I saw a movie called The Fifth Floor (1978) starring Bo Hopkins second billed at a drive-in once. It's never made the jump, and as near as I can tell its last home release was on VHS in 1991. It's not terribly expensive or difficult to find, but I suspect what made an impression when I was much younger would probably suck a little bit now. Still, it nags at me. Familiar with it?

  3. I am really kicking myself in the butt for not picking up the book, but I'm sure with some dilligent E-bay hounding I'll eventually get it! You are absolutely correct, though.....you need to snag genre books right fast, because when they're gone, they're a fortune!

    When it comes to VHS collecting, I may pick up a tape that I already have on DVD or Blu Ray simply because the box art is so awesome and it looks good sitting on the shelf. When it comes to films I'm actually going to watch, you hit the nail on the head: B thru Z grade movies are the order of the day....and in that case the grainy, slightly blurred video and hissing analog sound only add to the atmosphere and the authenticity of the experience. For instance....I recently popped in my VHS copy of Evil Dead.....I've gotta tell you, it's a completely different experience on VHS as compared to DVD and Blu Ray. It feels crunchy. It feels raw. And again, for many of the films, VHS is the only way that you'll be able to see these films....unless some madman comes along and saves them from the analog graveyard!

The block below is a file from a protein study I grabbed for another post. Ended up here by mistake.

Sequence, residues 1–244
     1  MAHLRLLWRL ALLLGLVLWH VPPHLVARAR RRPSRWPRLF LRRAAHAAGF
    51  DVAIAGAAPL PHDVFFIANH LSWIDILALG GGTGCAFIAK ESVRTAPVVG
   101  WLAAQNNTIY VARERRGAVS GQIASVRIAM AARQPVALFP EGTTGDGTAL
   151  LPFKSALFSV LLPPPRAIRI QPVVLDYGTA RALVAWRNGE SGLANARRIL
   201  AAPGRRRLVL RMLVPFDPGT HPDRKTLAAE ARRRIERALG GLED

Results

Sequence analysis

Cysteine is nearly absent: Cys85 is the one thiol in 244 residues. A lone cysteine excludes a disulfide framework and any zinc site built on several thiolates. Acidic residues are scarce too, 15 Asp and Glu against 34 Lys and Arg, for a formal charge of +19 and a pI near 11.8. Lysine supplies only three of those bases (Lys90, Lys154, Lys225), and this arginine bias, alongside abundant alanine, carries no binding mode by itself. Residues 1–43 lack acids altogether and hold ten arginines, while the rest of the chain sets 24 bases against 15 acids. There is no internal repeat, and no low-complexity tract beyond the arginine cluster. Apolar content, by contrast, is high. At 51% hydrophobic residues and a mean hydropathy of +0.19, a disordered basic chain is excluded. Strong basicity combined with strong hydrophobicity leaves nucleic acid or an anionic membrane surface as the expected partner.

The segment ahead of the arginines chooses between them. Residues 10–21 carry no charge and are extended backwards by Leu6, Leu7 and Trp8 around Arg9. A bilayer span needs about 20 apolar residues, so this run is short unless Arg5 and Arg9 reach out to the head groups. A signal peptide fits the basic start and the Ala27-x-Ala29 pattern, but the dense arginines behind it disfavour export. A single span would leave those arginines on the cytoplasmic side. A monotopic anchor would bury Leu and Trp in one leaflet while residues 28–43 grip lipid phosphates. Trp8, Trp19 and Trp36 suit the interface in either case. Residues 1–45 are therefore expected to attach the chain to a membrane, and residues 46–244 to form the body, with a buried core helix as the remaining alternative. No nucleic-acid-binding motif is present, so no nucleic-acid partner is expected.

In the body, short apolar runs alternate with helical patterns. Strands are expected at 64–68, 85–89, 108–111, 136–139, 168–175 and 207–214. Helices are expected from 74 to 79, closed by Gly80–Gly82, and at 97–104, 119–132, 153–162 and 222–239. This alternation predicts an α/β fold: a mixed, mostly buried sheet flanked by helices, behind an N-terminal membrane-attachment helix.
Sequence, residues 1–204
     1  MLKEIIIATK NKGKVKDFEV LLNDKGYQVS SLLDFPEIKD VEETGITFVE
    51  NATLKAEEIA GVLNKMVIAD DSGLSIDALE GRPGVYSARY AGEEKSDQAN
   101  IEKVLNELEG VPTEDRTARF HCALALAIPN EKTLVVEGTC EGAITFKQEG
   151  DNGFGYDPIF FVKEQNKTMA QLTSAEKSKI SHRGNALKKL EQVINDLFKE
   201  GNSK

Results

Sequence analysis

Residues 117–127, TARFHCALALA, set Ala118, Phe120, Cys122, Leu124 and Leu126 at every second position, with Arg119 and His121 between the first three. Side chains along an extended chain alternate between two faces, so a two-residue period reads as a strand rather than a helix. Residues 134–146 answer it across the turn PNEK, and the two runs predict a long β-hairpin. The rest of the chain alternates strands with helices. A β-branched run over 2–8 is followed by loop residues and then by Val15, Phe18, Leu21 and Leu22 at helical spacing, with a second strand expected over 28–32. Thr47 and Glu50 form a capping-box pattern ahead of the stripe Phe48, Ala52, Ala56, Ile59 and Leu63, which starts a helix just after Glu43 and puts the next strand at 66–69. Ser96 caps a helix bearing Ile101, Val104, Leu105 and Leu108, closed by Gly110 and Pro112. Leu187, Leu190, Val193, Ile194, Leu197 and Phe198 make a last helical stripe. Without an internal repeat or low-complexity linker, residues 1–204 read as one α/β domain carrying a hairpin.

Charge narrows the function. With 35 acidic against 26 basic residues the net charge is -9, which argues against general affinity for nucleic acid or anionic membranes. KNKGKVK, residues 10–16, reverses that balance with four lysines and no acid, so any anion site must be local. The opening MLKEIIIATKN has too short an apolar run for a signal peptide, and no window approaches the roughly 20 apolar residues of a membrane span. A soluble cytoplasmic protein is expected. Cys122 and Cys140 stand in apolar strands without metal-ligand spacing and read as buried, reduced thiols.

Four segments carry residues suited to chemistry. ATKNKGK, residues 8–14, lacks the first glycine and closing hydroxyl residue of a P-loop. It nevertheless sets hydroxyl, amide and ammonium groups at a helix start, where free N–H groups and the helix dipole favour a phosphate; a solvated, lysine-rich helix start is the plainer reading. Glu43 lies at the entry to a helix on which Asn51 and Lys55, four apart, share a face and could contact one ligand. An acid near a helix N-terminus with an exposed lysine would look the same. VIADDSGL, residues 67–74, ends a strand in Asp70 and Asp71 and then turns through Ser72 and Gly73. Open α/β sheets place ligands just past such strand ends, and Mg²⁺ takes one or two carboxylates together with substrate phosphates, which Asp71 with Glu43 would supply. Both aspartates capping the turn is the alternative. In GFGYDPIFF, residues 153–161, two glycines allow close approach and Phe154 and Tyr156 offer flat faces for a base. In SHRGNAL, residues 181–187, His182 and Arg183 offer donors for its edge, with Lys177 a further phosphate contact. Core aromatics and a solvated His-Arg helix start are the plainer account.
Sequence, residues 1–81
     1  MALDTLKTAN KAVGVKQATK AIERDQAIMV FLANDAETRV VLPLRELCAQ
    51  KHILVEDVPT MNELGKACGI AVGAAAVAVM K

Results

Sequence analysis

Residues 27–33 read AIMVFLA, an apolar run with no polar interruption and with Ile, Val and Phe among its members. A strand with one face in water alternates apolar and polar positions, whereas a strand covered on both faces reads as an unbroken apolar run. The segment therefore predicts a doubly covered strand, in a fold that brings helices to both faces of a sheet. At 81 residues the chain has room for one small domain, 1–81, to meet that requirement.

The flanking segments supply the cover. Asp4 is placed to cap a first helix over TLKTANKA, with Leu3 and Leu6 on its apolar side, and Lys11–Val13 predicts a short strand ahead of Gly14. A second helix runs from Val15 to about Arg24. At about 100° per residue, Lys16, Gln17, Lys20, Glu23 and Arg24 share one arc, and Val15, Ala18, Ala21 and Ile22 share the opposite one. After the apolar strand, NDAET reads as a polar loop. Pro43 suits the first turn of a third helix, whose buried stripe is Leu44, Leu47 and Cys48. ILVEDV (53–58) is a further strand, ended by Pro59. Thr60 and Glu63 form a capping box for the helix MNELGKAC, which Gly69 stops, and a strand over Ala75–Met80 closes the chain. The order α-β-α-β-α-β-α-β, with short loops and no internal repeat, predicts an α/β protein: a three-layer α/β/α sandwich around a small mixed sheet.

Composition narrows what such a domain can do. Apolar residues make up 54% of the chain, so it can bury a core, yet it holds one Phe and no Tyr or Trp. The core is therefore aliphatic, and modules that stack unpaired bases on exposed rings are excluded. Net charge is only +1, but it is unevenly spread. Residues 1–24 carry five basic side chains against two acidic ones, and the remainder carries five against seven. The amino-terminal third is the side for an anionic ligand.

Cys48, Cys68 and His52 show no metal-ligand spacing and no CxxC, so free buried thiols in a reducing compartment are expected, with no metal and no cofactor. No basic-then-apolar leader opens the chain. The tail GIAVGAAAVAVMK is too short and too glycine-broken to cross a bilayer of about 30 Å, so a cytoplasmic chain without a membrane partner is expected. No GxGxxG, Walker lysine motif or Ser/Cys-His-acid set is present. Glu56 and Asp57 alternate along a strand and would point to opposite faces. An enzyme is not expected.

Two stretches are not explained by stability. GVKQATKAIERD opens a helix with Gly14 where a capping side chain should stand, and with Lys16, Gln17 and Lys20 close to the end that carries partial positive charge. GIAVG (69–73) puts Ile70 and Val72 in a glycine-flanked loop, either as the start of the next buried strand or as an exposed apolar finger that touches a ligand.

I am familiar with The Fifth Floor! I haven't seen it in a super long time, but I remember that it was a pretty decent flick. What was it about the film that made an impression on you?